Donibristol, Scotland, was the birthplace of David Hogg. He was brought up in Crostates where he worked as a miner until a strike in 1926 put an end to work for nine long months.
David had an uncle, Archie Archibald, living in Kimberley and was encouraged to come here. He stayed with his uncle for three weeks before going to work at the Concentrator in 1926.
He left behind him his fiancee, Margaret (Peg) Clark, from Kelty Baker. In 1927, Peg traveled to Kimberley, accompanied by Mrs. Eccleston, who was returning to Chapman Camp from a visit to Scotland. David and Peg were married in June of 1927by the Rev. Blackburn of the Cranbrook Presbyterian Church. The ceremony took place in the home of the Archibalds. The Hoggs first home was a little house near Mark Creek, back of Mckay's Dairy, and in 1928 they moved to Chapman Camp. They had one child that died shortly after birth in 1928, but a year later a son, George, was born and five years later a daughter, Maureen, arrived.
David Hogg worked in every department of the Concentrator before becoming Chief Flotation Operator. David and Peg were a very devoted couple. They loved their home and garden and devoted their time to their family and Church. He was an elder of the Kimberley Presbyterian Church.
In those days, Chapman Camp was like one big happy family and they enjoyed good neighbors and good friends. David played the violin in the Symphony Orchestra.
During the war years, Peg worked with the Red Cross, making quilts and knitting socks and doing many other tasks.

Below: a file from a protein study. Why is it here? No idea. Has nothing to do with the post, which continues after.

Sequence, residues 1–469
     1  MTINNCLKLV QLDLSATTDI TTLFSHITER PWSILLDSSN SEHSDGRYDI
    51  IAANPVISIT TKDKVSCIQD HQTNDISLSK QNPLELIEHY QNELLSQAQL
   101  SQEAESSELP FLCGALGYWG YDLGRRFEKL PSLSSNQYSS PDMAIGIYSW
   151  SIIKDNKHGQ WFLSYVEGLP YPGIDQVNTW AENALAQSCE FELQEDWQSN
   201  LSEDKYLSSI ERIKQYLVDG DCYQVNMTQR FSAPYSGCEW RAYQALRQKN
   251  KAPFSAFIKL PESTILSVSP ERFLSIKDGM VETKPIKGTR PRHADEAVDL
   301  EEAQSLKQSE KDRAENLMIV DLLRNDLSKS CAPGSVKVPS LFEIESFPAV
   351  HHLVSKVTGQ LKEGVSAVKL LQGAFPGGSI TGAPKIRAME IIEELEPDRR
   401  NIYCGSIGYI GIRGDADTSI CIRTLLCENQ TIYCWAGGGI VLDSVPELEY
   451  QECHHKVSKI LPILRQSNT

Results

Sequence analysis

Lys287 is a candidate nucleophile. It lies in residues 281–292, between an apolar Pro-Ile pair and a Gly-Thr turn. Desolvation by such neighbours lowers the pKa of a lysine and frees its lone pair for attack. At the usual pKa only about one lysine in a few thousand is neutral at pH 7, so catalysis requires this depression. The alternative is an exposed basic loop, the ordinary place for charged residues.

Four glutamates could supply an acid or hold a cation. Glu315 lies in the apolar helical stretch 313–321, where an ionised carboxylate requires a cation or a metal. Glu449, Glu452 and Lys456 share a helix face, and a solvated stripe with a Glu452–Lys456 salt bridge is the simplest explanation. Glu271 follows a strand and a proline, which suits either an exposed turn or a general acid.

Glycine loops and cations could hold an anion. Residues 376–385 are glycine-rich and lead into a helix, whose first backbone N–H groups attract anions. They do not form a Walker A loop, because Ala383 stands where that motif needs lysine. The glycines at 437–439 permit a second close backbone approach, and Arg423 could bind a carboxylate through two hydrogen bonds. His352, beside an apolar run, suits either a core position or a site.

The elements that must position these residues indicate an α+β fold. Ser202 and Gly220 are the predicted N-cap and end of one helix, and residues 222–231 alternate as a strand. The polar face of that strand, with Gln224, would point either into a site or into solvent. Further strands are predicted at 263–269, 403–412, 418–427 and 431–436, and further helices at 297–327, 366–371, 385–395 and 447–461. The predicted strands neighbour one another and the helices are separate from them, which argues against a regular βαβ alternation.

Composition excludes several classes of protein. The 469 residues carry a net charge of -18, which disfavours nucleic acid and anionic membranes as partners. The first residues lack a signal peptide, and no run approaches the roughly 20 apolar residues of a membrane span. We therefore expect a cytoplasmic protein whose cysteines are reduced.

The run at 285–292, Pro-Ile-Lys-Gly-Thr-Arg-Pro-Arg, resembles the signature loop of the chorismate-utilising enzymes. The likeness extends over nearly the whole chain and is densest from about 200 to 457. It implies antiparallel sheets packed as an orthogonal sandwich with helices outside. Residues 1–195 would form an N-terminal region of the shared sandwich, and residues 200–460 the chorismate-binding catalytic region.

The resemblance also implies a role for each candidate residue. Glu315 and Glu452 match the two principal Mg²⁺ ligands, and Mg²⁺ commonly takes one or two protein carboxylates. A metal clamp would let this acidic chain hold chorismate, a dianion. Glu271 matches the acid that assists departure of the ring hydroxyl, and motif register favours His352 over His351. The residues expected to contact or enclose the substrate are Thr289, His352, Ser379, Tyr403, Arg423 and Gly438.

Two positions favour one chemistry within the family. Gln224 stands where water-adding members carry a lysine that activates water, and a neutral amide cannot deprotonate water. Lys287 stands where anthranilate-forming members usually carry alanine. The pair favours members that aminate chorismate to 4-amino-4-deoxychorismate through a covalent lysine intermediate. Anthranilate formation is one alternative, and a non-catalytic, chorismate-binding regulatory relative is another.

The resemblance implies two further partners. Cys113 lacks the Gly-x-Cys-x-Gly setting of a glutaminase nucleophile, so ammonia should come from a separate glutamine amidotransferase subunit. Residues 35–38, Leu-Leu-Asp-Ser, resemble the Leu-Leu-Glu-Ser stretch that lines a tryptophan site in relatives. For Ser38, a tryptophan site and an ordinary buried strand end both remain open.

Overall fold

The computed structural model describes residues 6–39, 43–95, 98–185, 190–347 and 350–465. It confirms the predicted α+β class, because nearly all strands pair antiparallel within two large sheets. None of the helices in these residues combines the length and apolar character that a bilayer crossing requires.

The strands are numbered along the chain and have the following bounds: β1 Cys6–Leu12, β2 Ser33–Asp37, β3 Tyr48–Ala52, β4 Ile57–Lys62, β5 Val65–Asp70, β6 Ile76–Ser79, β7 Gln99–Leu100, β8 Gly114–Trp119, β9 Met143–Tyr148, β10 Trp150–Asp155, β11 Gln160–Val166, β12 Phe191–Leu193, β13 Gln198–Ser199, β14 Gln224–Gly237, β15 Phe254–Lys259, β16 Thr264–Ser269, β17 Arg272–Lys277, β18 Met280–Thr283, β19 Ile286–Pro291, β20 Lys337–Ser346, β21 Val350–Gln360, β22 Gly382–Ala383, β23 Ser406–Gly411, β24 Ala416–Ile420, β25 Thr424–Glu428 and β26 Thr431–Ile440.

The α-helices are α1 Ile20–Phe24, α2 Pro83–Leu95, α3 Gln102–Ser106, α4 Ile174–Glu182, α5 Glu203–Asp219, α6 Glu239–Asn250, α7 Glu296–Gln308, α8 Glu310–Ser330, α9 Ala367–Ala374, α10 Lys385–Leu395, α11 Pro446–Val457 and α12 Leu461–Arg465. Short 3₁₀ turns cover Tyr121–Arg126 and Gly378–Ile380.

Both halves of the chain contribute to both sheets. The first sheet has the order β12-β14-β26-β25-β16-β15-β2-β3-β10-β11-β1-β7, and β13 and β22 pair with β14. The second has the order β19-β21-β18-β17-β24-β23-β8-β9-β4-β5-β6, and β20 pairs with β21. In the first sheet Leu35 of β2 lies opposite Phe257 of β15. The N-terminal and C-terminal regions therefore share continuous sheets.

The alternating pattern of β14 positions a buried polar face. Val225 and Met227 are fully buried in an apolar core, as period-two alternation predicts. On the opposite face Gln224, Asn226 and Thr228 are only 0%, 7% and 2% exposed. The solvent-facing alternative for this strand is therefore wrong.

One recollection of those days was the weekly train trip to Kimberley on the single passenger coach that was on the tail-end of the work train that ran between Cranbrook and Kimberley. The fare was ten cents, and in winter a pot-bellied stove in the middle of the car provided heat. It was a happy affair with singing and visiting and the children would attend the matinee at the Theatre while the parents went shopping during the two hour stop.
When their son George finished high school, he attended a two year course at Vancouver where he studied art. He is employed by the Company as Senior Personnel Officer in the main office. He has also made a name for himself with his many beautiful oil paintings. George married Isabel Davidson, an accomplished pianist. She teaches music and plays the organ in the Presbyterian Church.
They have three children; David, an electrician, married to Sheila Maloney. They reside in Campbell River. Janet, married to Bob Chesham, an electrician for the Company at the Fertilizer Plant and Gary who recently married Vera Gammert. Gary is employed at the mine.
Mr. and Mrs. Hoggs' daughter, Maureen, trained as a telephone operator while still going to school and worked as a relief operator during the summer vacations. She attended Normal school in Victoria and taught in Creston. She married Brian Buckley, a mining engineer for the Company. They have spent several years in various mining towns, including Tulsequah, where Maureen taught for a time.
They have four children; Shauna, Deidre, John and Darren and they are back living in Chapman Camp.
When David Hogg died in 1960, it left a great void in Peg's life. Her house was so empty she consented to take in a couple of boarders and for the next few years this kept her busy. She no longer has boarders, but she still resides in her home where she has lived for fifty years. She knits and crochets and enjoys carpet and alley bowling, and visits from friends and her seven grandchildren and two great-grandchildren.